Take the 2-minute tour ×
Stack Overflow is a question and answer site for professional and enthusiast programmers. It's 100% free, no registration required.

It is often useful to have a field in a DAO whose value comes from a Java enumeration. A typical example is a login DAO where you usually have a field that characterises the user as "NORMAL" or "ADMIN". In Hibernate, I would use the following 2 objects to represent this relationship in a (semi-)typesafe way:

class User {
    String username;
    String passwd;
    UserType type;
}

class UserType {
    private enum Type {ADMIN, NORMAL};
    private String type;

    //Setters/Getters for Hibernate
    public void setType(String type);
    public String getType();

    //Setters/Getters for user
    public void setUserType(UserType.Type t);
    public UserType.Type getUserType();

    public static UserType fromType(UserType.Type t);
}

This works, but I find the UserType class ungly and requiring too much bureaucracy just to store a couple of values. Ideally, Hibernate should support enum fields directly and would create an extra table to store the enumeration values.

My question is: Is there any way to directly map an enumeration class in Hibernate? If not, is my pattern for representing enumerations good enough or am I missing something? What other patterns do people use?

share|improve this question

2 Answers 2

up vote 81 down vote accepted

using hibernate or JPA annotations:

class User {
   @Enumerated(EnumType.STRING)
   UserType type
}

UserType is just a standard java 5 enum.

I can't imagine this is just limited to just annotations but I don't actually know how to do this with hbm files. It may be very version dependant, I'm guessing but I'm pretty sure that hibernate 3.2+ is required.

edit: it is possible in a hbm, but is a little messy, have a look at this forum thread

share|improve this answer
    
Could @Enumerated(EnumType.ORDINAL) which map to int more efficient? –  CK Lee Jan 11 '11 at 3:20
4  
problably is more efficient, but I'd put money on not being able to measure the difference in a real system. EnumType.ORDINAL is actually the default if you just do @Enumerated. I think most people (esp DBA's) tend to prefer the enum name in the DB. –  Gareth Davis Jan 11 '11 at 8:44
1  
How can I change the column length for these enums ? I tried adding the Column annotation but that does not get honoured? –  Calm Storm Sep 1 '11 at 11:15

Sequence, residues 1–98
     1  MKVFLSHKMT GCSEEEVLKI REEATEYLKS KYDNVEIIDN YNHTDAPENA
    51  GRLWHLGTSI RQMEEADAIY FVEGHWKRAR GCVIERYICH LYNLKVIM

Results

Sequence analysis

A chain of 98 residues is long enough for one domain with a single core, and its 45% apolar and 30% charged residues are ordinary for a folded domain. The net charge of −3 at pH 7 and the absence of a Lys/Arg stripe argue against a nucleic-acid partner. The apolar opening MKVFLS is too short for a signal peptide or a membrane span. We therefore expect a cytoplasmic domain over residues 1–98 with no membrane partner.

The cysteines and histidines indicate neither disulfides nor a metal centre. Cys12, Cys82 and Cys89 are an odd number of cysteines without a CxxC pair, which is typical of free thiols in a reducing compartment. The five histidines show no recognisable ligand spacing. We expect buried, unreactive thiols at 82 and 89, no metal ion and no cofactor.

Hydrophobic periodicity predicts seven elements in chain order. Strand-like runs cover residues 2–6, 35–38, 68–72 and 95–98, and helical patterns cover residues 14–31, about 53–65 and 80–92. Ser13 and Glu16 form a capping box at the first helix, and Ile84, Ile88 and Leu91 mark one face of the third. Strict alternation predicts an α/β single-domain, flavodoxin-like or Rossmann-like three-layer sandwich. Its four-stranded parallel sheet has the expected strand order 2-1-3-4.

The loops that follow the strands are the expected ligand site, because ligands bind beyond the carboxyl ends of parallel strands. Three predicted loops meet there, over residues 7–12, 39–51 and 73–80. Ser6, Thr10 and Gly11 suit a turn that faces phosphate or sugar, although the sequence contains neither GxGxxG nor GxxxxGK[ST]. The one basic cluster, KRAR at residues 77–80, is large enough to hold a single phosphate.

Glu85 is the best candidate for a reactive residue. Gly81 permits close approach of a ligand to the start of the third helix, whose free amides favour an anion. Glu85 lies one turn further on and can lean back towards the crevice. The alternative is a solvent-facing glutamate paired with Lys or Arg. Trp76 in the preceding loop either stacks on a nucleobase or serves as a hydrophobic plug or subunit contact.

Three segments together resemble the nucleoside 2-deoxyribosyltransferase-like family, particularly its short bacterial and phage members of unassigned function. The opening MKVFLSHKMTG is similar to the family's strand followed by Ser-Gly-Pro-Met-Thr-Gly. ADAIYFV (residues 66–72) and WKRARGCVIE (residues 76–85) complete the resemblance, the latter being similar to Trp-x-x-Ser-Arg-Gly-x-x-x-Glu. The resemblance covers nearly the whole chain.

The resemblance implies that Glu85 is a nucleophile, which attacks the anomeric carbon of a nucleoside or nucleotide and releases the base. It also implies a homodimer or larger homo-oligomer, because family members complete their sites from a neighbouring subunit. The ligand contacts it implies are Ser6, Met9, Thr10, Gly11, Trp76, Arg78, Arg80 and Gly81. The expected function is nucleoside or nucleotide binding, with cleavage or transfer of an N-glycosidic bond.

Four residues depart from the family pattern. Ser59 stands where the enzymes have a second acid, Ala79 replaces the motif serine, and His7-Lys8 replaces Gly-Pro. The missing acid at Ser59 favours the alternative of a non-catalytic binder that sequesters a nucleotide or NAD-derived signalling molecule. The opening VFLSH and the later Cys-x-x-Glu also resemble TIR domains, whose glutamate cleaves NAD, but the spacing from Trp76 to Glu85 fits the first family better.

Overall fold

1  
You need to ask that as another question. –  Gareth Davis Sep 1 '11 at 12:11
    
Use the STRING rather than ORDINAL as it allows you to add additional elements to the Enum irrespective of order. –  Matthew Daumen May 13 at 14:49

From the Hibernate documentation: http://www.hibernate.org/272.html

You can create a new typedef for each of your enums and reference the typedefs in the property tag.

Example Mapping - inline <type> tag

  <property name='suit'>
    <type name="EnumUserType">
      <param name="enumClassName">com.company.project.Suit</param>
    </type>
  </property>

Example Mapping - using <typedef>

  <typedef name="suit" class='EnumUserType'>
      <param name="enumClassName">com.company.project.Suit</param>
  </typedef>

  <class ...>
    <property name='suit' type='suit'/>
  </class>

share|improve this answer
    
Thanks. I was aware of that solution already. The problem is that it requires all your enums to use hibernate-internal types, which can result to issues if you are using the DAOs as DTOs as in my case. A better solution is actually described here: hibernate.org/273.html –  Georgios Gousios Jan 6 '09 at 16:27
1  
Note that in newer versions the parameter name is enumClass instead of enumClassName. –  Ryan Ransford Aug 2 '11 at 15:25

Your Answer

 
discard

By posting your answer, you agree to the privacy policy and terms of service.

Not the answer you're looking for? Browse other questions tagged or ask your own question.